Adweek: So, how’d you feel about the movie?
Bruce Headlam: How did I feel about it?
Yeah, did you like it?
Well, I don’t even like seeing pictures of myself, so seeing myself on a 40-foot screen is not my idea of a good time. We considered [director Andrew Rossi] a journalist. We had no guarantees how it would turn out. I was very proud of how my reporters appeared. I was proud of how the Times came off. He obviously is a fan of the Times. So, not knowing what to expect, I was happy. And I was reluctant—I didn’t particularly want to do it—but I said I would do it if enough of my reporters wanted to do it, and they did.
Why were you reluctant?
Oh, I don’t know. I didn’t want to be followed around for a year by a camera. I couldn’t imagine, just on a personal level, how I would come off. And it just didn’t seem like a great way to spend my time. But, you know, I’m an editor for a good reason: I don’t particularly like the limelight.
How have people you know reacted to the film?
The few people who’ve seen it, they tend to like the things that to me feel very routine. You know, they like the kind of procedural stuff. To me, that’s just what I do for a living, and even I’m not interested in it some days. So I’m amazed anybody else would be.
The movie depicts things like WikiLeaks, Huffington Post, Gawker, and Vice as challenges to the Times. Do you feel that those challenges warranted a film?
Well, that’s not really a question for me. That’s more of a question for Andrew. I suppose I would say, you know, in 50 years, if this is dug out of a vault somewhere, whether there’s a New York Times or not, people will get a sense of what was changing in the media during this time. But whether that’s enough in the world to warrant a film, I don’t know—I’ll leave that for Andrew and whoever his audience is.
Do you personally think that the Media desk is the best representation of the paper?
No, no. I think it’s a representation of the paper. You know, we do things a particular way, but we’re not getting shot at, we’re not covering the Arab Spring. We’re covering ourselves. And as we say here, “How do we cover ourselves? That depends on where we’re getting kicked.” But I don’t want to say, “We are the best representation.” We may be the stars of the film; we’re not the stars of The New York Times, and I’m pretty happy with that…There are certainly times in the film where you think, “Why are they talking to the media guys? They’re not getting shot at.” But we’re kind of stand-ins for the entire newsroom.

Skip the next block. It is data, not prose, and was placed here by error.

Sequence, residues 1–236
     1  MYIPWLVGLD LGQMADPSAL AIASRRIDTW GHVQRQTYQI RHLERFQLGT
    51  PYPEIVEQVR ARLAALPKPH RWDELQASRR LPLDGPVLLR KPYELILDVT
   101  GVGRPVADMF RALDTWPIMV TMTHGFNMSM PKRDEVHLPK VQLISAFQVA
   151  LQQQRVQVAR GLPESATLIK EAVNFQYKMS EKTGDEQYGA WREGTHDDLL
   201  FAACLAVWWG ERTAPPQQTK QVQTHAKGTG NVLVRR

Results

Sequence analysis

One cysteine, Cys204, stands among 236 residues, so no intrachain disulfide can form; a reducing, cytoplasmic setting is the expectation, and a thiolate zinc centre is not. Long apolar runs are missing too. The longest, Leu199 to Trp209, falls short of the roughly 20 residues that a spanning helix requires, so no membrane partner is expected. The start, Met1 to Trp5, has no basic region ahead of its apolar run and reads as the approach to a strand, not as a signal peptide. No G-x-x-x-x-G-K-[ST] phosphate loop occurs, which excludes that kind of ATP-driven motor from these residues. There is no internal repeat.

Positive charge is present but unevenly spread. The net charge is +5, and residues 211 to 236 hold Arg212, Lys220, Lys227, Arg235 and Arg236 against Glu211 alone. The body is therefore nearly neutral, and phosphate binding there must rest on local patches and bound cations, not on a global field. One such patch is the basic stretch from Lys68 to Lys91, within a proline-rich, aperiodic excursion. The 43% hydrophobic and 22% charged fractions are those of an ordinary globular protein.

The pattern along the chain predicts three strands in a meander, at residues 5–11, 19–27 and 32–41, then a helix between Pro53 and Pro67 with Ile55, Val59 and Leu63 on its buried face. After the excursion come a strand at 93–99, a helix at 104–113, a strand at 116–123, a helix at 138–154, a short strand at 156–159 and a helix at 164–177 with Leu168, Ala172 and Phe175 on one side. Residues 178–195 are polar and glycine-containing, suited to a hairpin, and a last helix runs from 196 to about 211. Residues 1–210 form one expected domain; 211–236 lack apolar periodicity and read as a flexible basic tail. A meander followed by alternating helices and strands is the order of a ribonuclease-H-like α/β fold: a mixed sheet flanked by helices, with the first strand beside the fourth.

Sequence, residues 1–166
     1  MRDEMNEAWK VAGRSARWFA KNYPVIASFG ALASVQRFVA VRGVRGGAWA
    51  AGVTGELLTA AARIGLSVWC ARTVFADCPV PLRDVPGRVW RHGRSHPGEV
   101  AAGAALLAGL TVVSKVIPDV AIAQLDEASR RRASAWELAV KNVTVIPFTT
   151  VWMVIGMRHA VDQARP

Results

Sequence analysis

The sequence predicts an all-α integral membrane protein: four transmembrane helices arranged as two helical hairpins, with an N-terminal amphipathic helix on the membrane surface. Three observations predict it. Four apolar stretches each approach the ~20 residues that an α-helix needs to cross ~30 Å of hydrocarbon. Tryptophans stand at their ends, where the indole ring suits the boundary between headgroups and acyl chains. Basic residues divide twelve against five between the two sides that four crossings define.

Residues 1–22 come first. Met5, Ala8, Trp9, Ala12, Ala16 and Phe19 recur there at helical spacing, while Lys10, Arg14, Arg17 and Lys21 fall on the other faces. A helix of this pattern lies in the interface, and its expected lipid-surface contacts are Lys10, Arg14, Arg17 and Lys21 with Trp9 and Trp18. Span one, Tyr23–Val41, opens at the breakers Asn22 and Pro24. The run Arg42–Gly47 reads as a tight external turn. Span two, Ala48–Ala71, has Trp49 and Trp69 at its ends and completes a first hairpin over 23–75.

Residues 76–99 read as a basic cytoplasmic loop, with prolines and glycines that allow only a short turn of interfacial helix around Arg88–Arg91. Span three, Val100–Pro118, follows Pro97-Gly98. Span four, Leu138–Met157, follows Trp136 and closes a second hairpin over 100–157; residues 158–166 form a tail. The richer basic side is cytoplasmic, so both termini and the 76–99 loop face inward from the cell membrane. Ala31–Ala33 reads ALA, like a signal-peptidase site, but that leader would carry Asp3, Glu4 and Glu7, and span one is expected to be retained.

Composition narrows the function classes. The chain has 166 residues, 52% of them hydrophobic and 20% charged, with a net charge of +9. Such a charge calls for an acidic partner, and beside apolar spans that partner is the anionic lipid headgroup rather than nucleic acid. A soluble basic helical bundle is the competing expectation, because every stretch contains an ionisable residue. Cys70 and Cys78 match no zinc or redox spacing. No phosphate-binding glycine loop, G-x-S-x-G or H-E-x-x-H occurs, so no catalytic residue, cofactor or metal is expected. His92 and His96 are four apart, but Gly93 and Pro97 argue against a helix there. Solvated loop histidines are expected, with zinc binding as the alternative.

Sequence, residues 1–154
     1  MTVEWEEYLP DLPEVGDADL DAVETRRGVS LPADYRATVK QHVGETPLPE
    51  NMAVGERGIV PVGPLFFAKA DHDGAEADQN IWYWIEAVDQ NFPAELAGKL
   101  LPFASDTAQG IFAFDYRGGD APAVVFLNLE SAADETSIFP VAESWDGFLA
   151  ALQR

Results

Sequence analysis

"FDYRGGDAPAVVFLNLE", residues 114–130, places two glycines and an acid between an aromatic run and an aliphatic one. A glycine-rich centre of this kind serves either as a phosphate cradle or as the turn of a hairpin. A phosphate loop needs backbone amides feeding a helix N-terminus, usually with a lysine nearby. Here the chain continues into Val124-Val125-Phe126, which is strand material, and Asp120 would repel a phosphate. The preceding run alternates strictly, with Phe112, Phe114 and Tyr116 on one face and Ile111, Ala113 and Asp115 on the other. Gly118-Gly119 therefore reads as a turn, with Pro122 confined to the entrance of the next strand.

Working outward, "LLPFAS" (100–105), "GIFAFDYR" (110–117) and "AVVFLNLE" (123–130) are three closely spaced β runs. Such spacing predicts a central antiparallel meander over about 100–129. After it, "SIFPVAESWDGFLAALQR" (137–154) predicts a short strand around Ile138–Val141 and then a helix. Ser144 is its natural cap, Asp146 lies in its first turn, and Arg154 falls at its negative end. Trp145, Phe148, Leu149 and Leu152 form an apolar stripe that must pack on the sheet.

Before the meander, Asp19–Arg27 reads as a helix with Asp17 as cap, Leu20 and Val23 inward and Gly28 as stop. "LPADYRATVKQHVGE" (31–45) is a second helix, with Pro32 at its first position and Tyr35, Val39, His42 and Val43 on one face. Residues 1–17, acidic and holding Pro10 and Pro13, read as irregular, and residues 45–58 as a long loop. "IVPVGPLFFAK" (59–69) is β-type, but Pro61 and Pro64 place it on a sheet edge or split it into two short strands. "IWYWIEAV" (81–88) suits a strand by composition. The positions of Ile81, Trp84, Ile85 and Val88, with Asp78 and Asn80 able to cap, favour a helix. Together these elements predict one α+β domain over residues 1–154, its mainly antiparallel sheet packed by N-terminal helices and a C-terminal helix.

How do you mean?
Well, we kind of represent the Times way of reporting; we just happen to be reporting on our own demise—or, our own near-demise.
People who see the film who are not in the New York City media world might walk away thinking the Times is in a very tough and unique position. I think a lot of people outside our world don’t really know that…
I don’t know that our position is unique now. I don’t know that we’re different from The Washington Post.
I mean “unique” in terms of the Times’ history.
I guess that’s true…To me, and this is maybe looking from inside, part of the film seems to be the Times trying to embrace these new things…David [Carr] being on Twitter, hiring Brian Stelter and having him function in the way he does. I mean, we didn’t hire Brian to turn him into a Timesman; we hired Brian in a sense because he represented something we saw and thought we needed. There may be corners of the paper where they are critical of that kind of world…I don’t really feel that about my guys.
What has your reaction been to the ongoing conversation about [outgoing Times executive editor] Bill Keller and his thoughts on Twitter?
I think I’ll leave conversations about Bill to Bill.